To ensure a happy professional life it is important to know that your values align with that of the company. The interview is the perfect opportunity to find out more about the company and show the interviewer how you’ll fit.

Consider your answers to common interview questions

While you won’t be able to predict every question, you’ll be asked in an interview, there are a few common questions you can plan answers for. You might also consider developing an elevator pitch that quickly describes who you are, what you do, and what you want. You should also prepare to discuss your salary expectations, just in case. If you’re unsure about what salary is appropriate to ask for the position you’re applying to, visit Indeed’s Salary Calculator or PayScale to get a free, personalized pay range based on your location, industry, and experience.

Let’s work through a couple of examples of common interview questions:

Why do you want to work here? The best way to prepare for this question is to learn about the products, services, mission, history, and culture of the company. In your answer, mention the aspects of the company that appeals to you and align with your career goals. Example: “I’d love the opportunity to work with a company that’s making a difference. Finding a company with a positive work environment and values that align with my own has remained a priority throughout my job search, and this company ranks at the top of the list.

”What interests you about this role? Employers or Recruiters ask this question to make sure you understand the role, and to allow you to highlight your relevant skills. It can be helpful to compare the role requirements against your skills and experience. Choose a few things you particularly enjoy or excel at, and focus on those in your answer. Example: “I’ve been passionate about user experience design for most of my professional career. I was excited to see this company uses Adobe products because I’m well-versed in the entire suite. Also, I’m a huge advocate for applying agile workflows to design. I think it’s the most effective way to tackle large projects. I was able to successfully build and launch an agile process in my previous role as an Office manager, and we saw considerable improvements in Office Operations.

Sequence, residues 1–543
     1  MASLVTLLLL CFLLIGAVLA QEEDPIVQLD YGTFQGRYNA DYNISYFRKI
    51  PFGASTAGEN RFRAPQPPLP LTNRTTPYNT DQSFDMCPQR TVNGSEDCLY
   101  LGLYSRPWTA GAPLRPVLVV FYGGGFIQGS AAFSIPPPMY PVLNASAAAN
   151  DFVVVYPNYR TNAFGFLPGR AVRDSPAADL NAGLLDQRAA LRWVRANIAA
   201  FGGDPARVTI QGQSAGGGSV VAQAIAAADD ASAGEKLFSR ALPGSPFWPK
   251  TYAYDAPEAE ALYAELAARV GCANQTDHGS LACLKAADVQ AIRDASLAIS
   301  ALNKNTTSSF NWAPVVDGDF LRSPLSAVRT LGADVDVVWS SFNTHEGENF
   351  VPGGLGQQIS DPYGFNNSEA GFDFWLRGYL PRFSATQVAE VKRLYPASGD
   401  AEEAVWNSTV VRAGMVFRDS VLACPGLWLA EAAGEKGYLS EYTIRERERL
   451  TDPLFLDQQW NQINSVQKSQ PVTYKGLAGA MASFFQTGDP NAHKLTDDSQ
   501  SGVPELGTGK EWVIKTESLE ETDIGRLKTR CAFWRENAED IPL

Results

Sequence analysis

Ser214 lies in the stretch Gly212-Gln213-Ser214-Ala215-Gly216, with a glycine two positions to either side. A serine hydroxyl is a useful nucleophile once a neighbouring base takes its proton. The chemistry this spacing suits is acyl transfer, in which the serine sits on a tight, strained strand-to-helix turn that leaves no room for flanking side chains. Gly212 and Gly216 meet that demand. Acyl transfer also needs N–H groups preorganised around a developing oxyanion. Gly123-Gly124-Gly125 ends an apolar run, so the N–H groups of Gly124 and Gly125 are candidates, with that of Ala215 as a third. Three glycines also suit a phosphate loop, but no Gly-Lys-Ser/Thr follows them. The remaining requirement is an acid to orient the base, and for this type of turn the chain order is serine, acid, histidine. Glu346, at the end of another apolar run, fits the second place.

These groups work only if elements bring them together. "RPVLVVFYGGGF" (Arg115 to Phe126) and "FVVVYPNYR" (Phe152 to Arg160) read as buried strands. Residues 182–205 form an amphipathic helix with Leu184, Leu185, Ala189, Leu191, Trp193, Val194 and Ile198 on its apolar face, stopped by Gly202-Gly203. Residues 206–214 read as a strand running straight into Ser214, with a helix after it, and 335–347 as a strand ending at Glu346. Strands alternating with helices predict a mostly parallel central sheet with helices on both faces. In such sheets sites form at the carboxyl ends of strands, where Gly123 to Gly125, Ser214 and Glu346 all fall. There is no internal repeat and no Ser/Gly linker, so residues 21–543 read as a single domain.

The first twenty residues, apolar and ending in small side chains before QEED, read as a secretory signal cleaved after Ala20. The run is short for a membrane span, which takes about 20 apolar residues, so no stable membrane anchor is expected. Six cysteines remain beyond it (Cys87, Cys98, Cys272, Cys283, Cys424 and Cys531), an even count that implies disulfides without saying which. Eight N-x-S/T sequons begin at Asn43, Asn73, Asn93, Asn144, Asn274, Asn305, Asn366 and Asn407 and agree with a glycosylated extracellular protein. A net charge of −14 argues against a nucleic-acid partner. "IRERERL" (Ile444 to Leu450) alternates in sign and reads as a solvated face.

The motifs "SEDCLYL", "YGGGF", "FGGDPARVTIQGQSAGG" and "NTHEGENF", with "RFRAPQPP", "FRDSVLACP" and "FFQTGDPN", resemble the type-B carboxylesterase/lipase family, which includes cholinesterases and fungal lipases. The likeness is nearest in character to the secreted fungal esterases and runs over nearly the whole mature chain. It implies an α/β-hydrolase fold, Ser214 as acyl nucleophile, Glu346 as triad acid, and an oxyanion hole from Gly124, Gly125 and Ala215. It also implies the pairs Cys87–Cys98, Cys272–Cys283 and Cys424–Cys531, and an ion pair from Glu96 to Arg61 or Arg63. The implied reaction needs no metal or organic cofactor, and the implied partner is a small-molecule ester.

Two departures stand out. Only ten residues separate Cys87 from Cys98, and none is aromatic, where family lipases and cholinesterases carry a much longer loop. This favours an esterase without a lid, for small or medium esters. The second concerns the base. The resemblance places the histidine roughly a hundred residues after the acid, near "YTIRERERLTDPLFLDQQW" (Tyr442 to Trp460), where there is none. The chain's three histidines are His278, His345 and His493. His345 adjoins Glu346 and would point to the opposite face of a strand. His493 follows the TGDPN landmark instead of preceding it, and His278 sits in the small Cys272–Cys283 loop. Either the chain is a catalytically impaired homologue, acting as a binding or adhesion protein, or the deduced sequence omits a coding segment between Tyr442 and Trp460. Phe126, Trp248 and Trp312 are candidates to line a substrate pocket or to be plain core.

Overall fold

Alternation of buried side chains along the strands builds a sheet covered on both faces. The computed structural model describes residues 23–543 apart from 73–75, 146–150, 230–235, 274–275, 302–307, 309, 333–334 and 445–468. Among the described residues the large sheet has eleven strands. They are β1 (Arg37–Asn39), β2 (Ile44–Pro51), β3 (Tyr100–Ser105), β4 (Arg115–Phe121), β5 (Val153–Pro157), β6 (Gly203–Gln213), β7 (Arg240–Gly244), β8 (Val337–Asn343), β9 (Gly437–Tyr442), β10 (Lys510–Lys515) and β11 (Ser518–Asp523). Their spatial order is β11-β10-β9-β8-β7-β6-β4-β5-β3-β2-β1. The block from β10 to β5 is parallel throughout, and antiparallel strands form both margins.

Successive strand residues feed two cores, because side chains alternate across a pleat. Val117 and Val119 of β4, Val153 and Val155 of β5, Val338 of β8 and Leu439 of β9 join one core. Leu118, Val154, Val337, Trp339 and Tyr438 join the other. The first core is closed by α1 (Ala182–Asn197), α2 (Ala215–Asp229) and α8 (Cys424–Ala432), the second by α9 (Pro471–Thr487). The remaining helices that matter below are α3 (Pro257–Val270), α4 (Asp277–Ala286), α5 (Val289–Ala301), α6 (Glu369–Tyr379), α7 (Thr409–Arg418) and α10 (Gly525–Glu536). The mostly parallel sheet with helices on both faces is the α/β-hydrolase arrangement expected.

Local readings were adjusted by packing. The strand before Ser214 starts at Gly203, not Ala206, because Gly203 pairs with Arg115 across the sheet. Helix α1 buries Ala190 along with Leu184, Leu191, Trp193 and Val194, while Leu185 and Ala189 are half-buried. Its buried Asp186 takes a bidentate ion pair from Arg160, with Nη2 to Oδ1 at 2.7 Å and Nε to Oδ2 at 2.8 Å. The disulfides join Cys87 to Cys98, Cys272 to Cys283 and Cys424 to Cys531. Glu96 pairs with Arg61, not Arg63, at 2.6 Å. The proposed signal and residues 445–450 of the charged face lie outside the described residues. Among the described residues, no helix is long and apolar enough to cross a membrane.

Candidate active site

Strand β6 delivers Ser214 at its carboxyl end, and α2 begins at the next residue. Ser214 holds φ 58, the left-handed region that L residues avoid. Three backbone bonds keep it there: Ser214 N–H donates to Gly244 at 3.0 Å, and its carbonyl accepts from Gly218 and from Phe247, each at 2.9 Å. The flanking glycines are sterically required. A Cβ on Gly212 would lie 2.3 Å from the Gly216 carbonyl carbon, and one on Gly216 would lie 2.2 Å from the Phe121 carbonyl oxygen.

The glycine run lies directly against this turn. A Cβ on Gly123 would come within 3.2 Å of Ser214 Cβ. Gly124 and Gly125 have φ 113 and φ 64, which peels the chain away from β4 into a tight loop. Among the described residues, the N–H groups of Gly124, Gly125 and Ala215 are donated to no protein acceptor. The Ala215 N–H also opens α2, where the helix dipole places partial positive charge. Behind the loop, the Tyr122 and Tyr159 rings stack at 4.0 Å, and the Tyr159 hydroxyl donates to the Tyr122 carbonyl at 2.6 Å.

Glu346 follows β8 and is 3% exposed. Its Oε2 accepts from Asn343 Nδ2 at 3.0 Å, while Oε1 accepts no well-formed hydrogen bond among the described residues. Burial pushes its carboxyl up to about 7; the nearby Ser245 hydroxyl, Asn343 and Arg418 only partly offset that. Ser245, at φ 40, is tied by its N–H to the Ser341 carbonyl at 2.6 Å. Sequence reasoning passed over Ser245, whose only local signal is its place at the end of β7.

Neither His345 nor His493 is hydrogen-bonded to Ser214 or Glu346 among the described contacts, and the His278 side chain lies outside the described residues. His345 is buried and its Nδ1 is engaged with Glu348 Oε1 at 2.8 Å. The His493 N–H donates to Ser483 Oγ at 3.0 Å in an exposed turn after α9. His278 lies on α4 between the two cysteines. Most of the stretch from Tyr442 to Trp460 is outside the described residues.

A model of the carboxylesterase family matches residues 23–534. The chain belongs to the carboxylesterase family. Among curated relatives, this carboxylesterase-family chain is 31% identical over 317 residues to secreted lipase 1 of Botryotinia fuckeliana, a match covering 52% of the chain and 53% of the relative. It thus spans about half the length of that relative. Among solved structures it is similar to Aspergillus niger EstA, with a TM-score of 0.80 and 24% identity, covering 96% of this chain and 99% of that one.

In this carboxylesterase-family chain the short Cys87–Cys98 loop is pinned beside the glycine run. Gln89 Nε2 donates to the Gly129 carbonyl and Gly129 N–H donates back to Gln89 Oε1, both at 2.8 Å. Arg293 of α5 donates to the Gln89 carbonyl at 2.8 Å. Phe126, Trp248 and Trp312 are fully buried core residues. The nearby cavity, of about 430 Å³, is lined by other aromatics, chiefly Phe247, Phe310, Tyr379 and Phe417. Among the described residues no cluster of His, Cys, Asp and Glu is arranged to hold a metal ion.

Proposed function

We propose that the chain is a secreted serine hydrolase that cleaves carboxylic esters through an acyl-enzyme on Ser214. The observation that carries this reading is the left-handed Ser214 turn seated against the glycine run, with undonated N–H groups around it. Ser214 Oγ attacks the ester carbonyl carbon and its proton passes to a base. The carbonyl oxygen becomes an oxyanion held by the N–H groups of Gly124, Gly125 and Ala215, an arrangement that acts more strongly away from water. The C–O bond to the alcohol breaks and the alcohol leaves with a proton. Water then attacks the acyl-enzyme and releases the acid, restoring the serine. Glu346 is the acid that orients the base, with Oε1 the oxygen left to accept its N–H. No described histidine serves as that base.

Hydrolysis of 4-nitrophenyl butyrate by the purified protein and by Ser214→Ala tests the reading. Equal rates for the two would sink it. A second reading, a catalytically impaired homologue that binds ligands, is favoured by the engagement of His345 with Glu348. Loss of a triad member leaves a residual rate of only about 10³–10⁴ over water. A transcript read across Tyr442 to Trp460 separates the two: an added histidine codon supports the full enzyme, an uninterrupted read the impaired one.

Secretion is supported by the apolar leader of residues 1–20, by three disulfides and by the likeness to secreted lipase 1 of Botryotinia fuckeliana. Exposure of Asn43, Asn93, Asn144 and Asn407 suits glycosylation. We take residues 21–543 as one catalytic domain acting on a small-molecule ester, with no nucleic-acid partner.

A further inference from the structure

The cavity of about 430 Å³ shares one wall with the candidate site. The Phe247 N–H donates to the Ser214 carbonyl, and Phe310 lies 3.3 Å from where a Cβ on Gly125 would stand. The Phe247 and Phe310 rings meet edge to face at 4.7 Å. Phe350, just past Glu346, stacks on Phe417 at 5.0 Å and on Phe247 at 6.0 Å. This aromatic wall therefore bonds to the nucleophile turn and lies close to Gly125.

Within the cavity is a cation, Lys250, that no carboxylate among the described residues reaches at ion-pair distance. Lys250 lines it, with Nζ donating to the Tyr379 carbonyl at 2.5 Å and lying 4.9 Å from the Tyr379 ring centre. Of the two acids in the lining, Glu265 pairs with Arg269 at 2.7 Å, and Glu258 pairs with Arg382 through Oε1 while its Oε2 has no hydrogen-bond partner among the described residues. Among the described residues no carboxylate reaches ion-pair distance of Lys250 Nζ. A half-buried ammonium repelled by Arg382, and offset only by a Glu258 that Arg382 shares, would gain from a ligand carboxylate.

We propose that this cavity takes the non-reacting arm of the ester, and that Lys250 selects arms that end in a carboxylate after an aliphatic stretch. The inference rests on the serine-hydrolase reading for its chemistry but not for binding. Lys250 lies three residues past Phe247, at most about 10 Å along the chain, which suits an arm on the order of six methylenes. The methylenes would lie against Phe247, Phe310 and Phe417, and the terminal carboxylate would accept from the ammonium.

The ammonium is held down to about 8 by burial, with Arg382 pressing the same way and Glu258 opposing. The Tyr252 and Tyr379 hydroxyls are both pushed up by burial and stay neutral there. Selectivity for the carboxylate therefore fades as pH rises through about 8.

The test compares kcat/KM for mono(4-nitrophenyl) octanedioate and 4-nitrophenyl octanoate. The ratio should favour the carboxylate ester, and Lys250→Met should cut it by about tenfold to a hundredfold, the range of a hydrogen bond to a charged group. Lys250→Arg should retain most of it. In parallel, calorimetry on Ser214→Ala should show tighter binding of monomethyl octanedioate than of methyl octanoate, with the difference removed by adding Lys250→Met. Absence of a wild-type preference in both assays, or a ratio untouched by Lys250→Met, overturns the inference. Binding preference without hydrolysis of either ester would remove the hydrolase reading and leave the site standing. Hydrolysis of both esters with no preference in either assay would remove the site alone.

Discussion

”What are your greatest strengths? This question allows you to talk about both your technical and soft skills. When an interviewer asks you to describe your strengths, share qualities, and personal attributes and then relate them to the role for which you’re interviewing. Example: “I’m a natural problem-solver. I find it rewarding to dig deep and uncover solutions to challenges – it’s like solving a puzzle. It’s something I’ve always excelled at, and something I enjoy. Much of product development is about finding innovative solutions to challenging issues, which is what drew me to this career path in the first place.

“Practice your speaking voice and body language”. It’s important to make a positive and lasting impression during the interview process. You can do this by practicing a confident, strong speaking voice and friendly, open body language. While these might come naturally to you, you might also want to spend time performing them with trusted friends or family or in front of a mirror. Pay special attention to your smile, handshake, and stride.Prepare several thoughtful questions for the interviewer, Recruiter, or Hiring Manager. Many employers feel confident about candidates who ask thoughtful questions about the company and the position. You should take time before the interview to prepare several questions for your interviewer(s) that show you’ve researched the company and are well-versed about the position. This will show the Recruiter or Hiring Manager that you have put in the effort and will leave a lasting impression.

Some examples of questions you could ask include:

What does a typical day look like for a person in this position?
What qualities do your most successful employees have?
I ’ve really enjoyed learning more about this opportunity.
What are the next steps in the hiring process?
What do you wish to achieve in this position in the next 3, 6, and 12 months?

Print hard copies of your CV and Certificates